There are, of course, other flying creatures besides birds, insects and bats being the extant ones. Insects and insectoids are outside the scope of this post, but as far as I am aware unlike birds bats don’t appear to have particularly high intelligence, though they also don’t seem to lag other mammals much, either. Extinct flying creatures, most prominently the pterosaurs, are something of a mystery, but some pterosaur species may have had relatively high intelligence considering the sort of lifestyle they led. Pterosaurs are in the archosaur clade, and so are more closely related to dinosaurs (and their bird descendants) and crocodilians than they are to mammals such as bats.

When worldbuilding, therefore, it seems that archosaurs (pterosaurs, dinosaurs, birds, etc.) are much more promising candidates for avian intelligence than mammals. This doesn’t mean that mammals couldn’t develop a higher avian intelligence, but rather that archosaur characteristics appear to be better suited to the task. With that said, what would an avian intelligence, leaning more on archosaurs (and especially birds) than anything else for our model, be like either on Earth or an alien planet?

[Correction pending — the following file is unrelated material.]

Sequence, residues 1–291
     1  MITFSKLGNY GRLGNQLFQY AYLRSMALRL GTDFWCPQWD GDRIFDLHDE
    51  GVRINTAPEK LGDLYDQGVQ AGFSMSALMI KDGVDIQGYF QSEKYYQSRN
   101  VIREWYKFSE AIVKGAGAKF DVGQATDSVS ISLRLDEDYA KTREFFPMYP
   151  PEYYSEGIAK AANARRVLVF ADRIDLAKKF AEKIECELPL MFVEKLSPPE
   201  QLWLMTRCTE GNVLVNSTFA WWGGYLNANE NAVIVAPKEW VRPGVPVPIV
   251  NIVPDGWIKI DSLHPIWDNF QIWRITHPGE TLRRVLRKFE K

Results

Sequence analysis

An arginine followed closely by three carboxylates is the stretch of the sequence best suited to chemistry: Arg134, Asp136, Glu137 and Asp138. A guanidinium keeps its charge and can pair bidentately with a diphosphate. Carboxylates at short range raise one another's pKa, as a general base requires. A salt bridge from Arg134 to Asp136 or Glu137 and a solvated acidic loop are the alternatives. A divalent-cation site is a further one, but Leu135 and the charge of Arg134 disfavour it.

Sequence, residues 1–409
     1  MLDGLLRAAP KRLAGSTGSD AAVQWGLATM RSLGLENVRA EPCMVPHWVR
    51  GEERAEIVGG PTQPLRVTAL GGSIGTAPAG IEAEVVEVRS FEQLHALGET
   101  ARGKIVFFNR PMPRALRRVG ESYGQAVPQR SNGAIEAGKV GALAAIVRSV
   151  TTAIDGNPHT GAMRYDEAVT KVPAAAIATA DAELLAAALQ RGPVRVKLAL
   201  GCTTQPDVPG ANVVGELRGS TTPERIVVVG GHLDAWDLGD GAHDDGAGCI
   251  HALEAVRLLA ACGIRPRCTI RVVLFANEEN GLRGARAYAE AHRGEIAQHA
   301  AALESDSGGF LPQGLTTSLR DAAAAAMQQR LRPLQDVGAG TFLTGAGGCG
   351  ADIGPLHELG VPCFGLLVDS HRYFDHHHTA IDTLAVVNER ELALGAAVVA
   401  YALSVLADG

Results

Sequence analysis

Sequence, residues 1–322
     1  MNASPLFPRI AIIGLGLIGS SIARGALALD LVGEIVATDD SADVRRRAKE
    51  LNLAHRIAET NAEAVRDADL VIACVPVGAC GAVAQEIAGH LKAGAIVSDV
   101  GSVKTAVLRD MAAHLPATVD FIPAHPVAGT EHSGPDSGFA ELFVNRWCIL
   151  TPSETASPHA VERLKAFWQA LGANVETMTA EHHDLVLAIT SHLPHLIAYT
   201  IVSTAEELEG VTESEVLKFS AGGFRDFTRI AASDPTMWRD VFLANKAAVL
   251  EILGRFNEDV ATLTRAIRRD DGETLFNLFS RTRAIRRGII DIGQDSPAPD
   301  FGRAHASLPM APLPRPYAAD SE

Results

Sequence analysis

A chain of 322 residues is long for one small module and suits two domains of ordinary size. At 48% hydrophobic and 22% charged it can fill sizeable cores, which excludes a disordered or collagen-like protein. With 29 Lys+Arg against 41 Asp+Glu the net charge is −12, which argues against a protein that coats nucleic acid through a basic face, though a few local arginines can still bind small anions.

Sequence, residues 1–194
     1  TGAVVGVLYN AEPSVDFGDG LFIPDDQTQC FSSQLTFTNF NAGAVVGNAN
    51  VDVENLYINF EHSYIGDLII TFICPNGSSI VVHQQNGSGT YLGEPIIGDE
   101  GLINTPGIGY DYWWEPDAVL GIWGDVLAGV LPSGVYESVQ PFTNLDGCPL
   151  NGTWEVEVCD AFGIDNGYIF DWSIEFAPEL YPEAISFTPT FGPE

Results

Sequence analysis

The most intelligent species on Earth tend to be predators, since it takes more brainpower to hunt your dinner than it does to run away from danger. This is not a universal rule: elephants are among the smartest animals and are herbivorous, but it wouldn’t be stretching it to say that most sapient races out there would be meat-eaters. Another reason is that meat is more dense in calories and nutrients than plant matter, and is much easier to digest. It also helps that meat contains a large amount of fat, which nourishes the brain; humans have a lot of subcutaneous fat for a creature from outside the polar regions, and are the only species to find overtly-displayed subcutaneous fat sexually attractive. This is why the most beautiful women throughout time have had sumptuous curves (the famous ideal waist-hip ratio of 0.7 is one manifestation of this), and why women gain so much weight when bearing and nursing a child (a trend found to a lesser extent in other species).

Culture of an Avian Intelligence